So you want to see the Broad collection? Their approach is much simpler than others on this list. They have works on display at The Broad in Los Angeles, built in 2015, and through The Broad Art Foundation, works also travel and may be seen at museums near you. You’ll find a comprehensive list of their holdings on their website.
The Broad collection includes: Jean-Michel Basquiat, Robert Rauschenberg, Cy Twobly, Roy Lichtenstein, Takashi Murakami, Andy Warhol, Carl Andre, Damien Hearst, Jasper Johns, Jeff Koons, Henri Matisse, Joan Miro, Pablo Picasso and many more.
Also with humble roots (in Brooklyn), Geffen worked his way up the corporate ladder at William Morris eventually becoming an agent. He later founded Asylum Records (1971), Geffen Records (1980), and was a co-founder of Dreamworks Animation, along with Stephen Spielberg and Jeffrey Katzenberg. His art collecting began in the 90s with under-the-radar purchases at prices below the meteoric appreciation that would help him later sell from his collection at prices above $100 million for a single piece.
Some believe Geffen’s collection to be the most valuable held by an individual, estimated at $2.3 billion. He also frequently gets cited for having impeccable taste, only purchasing choice works rather than amassing a larger holding of less quality artwork. He also briefly held the record for the most expensive sale of a piece of art, receiving $140 million for Jackson Pollack’s “Number 5, 1948” in 2006. In addition to his collection, he also has been a big supporter of museums, donating $100 million to Lincoln Center, $100 million to the Museum of Modern Art, and $150 million to the Los Angeles County Museum of Art.
David Geffen’s collection includes: Jackson Pollack, Willem de Kooning, Mark Rothko, Robert Rauschenberg, Jasper Johns, and David Hockney.
Ezra and David Nahmad
Yet another story of humble roots, Ezra and David Nahmad’s family fled Beruit in the 1960s and settled in Milan for a time. With their other brother, Joseph, the three began trading in art and on the Italian stock market while still school-aged. Their first notable purchase was rumored to be two Juan Gris paintings via a deal who later sold them Picasso and Braque as well. As they kept collecting, they developed relationships in Paris that sent the works to sell into the Italian market. When Milan became too dangerous as well, the brothers split with Ezra landing in Montecarlo and David in New York. Overtime, the two grew into a major economic force, amassing a collection valued above $8 billion.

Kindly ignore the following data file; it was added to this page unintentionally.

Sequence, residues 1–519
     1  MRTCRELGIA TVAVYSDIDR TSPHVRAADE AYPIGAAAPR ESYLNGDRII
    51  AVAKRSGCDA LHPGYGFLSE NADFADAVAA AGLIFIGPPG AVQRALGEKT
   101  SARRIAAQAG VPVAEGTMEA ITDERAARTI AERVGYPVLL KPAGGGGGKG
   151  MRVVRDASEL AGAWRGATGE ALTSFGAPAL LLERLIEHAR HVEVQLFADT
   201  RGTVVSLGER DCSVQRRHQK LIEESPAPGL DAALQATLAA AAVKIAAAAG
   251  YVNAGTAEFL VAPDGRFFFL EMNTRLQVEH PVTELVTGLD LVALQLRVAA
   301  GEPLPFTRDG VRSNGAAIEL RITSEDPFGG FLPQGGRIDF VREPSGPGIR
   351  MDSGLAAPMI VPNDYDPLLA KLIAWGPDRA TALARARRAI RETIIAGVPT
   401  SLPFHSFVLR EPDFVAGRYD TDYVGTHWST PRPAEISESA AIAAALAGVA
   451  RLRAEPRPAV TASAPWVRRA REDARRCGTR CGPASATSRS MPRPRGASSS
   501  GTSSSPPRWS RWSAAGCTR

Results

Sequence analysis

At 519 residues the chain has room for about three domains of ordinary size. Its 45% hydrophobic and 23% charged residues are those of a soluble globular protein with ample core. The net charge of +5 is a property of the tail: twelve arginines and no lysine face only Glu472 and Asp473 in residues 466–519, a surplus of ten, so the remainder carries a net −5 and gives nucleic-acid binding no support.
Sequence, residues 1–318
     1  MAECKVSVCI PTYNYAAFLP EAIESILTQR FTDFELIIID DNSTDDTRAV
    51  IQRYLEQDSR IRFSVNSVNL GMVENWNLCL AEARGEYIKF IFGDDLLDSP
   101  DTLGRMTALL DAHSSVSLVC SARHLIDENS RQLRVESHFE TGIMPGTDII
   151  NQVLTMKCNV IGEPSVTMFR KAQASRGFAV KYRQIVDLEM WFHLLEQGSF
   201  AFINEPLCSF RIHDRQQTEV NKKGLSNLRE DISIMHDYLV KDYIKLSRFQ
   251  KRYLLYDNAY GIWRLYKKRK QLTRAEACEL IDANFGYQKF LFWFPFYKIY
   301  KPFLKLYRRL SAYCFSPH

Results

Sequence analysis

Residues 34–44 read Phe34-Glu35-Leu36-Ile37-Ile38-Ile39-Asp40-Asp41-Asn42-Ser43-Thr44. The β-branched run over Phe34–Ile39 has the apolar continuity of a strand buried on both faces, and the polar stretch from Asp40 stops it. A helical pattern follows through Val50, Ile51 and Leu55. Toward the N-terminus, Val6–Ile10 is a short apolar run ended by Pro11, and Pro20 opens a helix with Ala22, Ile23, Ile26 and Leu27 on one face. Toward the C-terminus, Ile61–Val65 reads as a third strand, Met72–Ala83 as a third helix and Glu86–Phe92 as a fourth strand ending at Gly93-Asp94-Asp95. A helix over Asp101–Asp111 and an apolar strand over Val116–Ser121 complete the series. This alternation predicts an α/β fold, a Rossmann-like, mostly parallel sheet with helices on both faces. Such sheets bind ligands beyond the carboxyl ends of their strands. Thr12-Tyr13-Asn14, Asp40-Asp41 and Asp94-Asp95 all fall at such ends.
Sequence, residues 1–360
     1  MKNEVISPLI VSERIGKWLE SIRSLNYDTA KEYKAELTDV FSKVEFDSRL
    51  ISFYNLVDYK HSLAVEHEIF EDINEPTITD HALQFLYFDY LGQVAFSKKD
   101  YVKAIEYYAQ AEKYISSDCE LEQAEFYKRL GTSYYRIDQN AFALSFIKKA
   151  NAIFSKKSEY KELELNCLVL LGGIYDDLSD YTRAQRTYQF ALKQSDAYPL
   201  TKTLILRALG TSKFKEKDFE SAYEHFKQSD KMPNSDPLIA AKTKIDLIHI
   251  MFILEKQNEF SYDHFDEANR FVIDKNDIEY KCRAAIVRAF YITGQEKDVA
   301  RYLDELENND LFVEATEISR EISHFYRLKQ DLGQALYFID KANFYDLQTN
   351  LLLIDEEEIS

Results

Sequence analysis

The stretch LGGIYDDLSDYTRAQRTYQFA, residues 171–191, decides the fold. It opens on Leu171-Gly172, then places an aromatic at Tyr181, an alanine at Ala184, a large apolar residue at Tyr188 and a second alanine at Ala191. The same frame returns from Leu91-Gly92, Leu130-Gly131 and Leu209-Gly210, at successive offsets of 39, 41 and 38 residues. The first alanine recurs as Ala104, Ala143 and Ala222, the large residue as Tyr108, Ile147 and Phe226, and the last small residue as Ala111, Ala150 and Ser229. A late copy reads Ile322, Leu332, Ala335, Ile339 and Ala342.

Seeing the Nahmads’ collection is not as easy as that of others on this list except at auction. They keep a significant portion stored in a freeport in Switzerland, a tax-exempt warehouse, except when their pieces make their way to auctions. You may also see works of lesser-known artists at their children’s galleries in New York and London.
The Nahmad’s claim to be the largest private collector of Picasso and additionally are known for holding: Matisse, Renoir, Monet, Rothko, and Leger.
As you likely concluded, the most valuable collections are held by collectors with many decades of activity. Over the coming years, we’ll likely see new entrants to the list of the most valuable private art collections in the world. One such candidate is Saudi Arabia’s Crown Prince Mohammed bin Salman, who is rumored to be the true purchaser of the Salvator Mundi, the so-called “Lost da Vinci.” It was purchased at auction for a whopping $450 million in 2017. Interesting the painting has been downgraded, so possibly it has lost value. Nonetheless, given the Saudi prince purchases via intermediaries, it is hard to know what other paintings he may have purchased with his vast oil wealth.